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Humans of Lob: Rikki Wutzke
Lob Culture
June 16, 2022

Humans of Lob: Rikki Wutzke

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Dolly Slinker

Humans of Lob is a project dedicated to getting to know our Lobsters on an individual level. We sat down with our Technical Recruiter, Rikki Wutzke.

Tell me about yourself and your background.

Growing up, I had a very interesting combination of city life and extremely rural life. I was born and raised in a very suburban part of Minnesota, but my extremely large extended family primarily lived about three hours away. I grew up fishing and racing ATVs with my brothers and dozens of cousins. As much as I love my family, I equally don't enjoy the snow. I moved to Los Angeles when I was 19. I actually moved in with my aunt, who also resided part-time in Minnesota, so we'd always been very close. I spent a lot of my youth going back and forth from Minnesota to Los Angeles to see her. I lived with her for five or six years when I first moved to LA. Now I’ve been in Los Angeles for nearly 13 years!

What's your favorite thing to do when you go back to Minnesota to visit?

I love to be outside and near water. The easy access to natural rivers and lakes is a gift. Whenever I go home, I’m constantly trying to talk someone into taking a boat or canoe out. Many years ago, my family decided that we should have an annual family canoe trip. There are about 40 or 50 of us, and even out-of-state relatives fly to Minnesota for it. We pick a weekend in August and then we all do this four or five-hour float. That’s something that I try to make it home for every year.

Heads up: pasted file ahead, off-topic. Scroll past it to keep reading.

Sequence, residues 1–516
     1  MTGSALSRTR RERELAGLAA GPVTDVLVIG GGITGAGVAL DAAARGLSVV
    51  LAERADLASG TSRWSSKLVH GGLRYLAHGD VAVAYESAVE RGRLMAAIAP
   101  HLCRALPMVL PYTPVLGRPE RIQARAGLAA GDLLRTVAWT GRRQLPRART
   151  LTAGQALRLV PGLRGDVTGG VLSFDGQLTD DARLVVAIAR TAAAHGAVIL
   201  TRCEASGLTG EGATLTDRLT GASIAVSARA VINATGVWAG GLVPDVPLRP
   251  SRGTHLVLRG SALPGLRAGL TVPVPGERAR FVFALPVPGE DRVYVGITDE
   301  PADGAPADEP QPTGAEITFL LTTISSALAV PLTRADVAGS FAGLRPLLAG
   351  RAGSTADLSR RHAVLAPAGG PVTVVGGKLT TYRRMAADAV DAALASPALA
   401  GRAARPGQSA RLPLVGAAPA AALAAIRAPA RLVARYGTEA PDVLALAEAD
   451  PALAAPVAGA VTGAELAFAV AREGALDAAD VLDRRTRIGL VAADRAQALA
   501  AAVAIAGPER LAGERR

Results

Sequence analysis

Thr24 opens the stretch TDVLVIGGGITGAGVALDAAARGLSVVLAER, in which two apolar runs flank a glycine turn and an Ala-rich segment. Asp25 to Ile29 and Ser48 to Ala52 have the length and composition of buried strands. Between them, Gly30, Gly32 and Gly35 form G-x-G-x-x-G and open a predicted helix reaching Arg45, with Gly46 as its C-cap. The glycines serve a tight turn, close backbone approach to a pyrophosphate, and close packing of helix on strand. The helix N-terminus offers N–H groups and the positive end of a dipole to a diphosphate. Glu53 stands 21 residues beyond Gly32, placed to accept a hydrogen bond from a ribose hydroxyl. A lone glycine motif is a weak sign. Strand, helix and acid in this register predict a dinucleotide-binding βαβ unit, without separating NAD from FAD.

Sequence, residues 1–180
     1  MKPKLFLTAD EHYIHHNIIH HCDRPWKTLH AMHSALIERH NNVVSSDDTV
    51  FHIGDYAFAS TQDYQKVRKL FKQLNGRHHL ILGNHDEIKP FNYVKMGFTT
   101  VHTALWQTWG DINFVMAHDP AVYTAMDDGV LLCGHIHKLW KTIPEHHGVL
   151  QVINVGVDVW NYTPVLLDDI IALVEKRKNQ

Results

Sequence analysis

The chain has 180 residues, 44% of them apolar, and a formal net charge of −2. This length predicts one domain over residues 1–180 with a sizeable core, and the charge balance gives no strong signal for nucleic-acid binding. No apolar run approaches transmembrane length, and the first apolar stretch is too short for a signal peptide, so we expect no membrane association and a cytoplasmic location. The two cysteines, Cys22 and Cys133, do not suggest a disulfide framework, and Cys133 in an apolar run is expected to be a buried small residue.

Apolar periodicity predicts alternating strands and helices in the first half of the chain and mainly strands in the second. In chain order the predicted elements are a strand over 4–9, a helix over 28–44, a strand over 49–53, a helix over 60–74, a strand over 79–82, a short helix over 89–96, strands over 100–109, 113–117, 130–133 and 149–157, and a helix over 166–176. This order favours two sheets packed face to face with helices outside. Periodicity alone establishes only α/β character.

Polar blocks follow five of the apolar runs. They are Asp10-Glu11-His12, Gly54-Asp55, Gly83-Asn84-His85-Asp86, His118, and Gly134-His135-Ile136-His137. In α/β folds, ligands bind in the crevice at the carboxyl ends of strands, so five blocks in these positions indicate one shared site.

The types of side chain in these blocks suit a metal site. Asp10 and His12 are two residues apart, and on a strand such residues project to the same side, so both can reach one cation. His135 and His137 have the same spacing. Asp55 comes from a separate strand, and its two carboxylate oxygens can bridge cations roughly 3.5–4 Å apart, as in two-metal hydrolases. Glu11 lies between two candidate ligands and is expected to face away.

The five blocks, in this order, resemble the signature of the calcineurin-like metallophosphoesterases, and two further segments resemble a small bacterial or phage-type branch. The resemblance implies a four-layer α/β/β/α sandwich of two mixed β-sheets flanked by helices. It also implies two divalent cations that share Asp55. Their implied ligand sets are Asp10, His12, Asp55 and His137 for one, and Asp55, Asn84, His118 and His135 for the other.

Is there something about yourself that you think someone new would be surprised to learn?

I'm a really good speller. Like eighth-grade championship Spelling Bee award-winning speller. For whatever reason, it's something that's always been important to me to be good at it. Also, I play an unhealthy amount of Angry Birds.

What do you do here at Lob?

I am a recruiter. I came on as our Senior Technical Sourcer, which was a short-lived adventure before I got into full-cycle recruiting. I came on with a strict technical focus, but now I work with all of our business units on their recruiting needs. No day looks the same, except that every morning I have coffee!

What's your favorite part about being a recruiter?

I love the opportunity to hear people's stories, and I get to meet people during what is a huge moment in their lives. Looking for a new job is really all-encompassing when you're committed to it. My favorite part of it is that I get to be there to help. I look at it as a very service-lead role. Even though it could be transactional, you're dealing with people and their livelihoods. There are so many other pieces that go into it, like their families, what they need for health insurance, and their travel plans and dreams. All of these things get discussed throughout a recruiting process, not just what your career goals are. Whether or not it turns into a job, I'm always grateful for the connections that I get to make. I get to talk to people I never would if I was doing pretty much anything else.

What is an unexpected movie that makes you cry?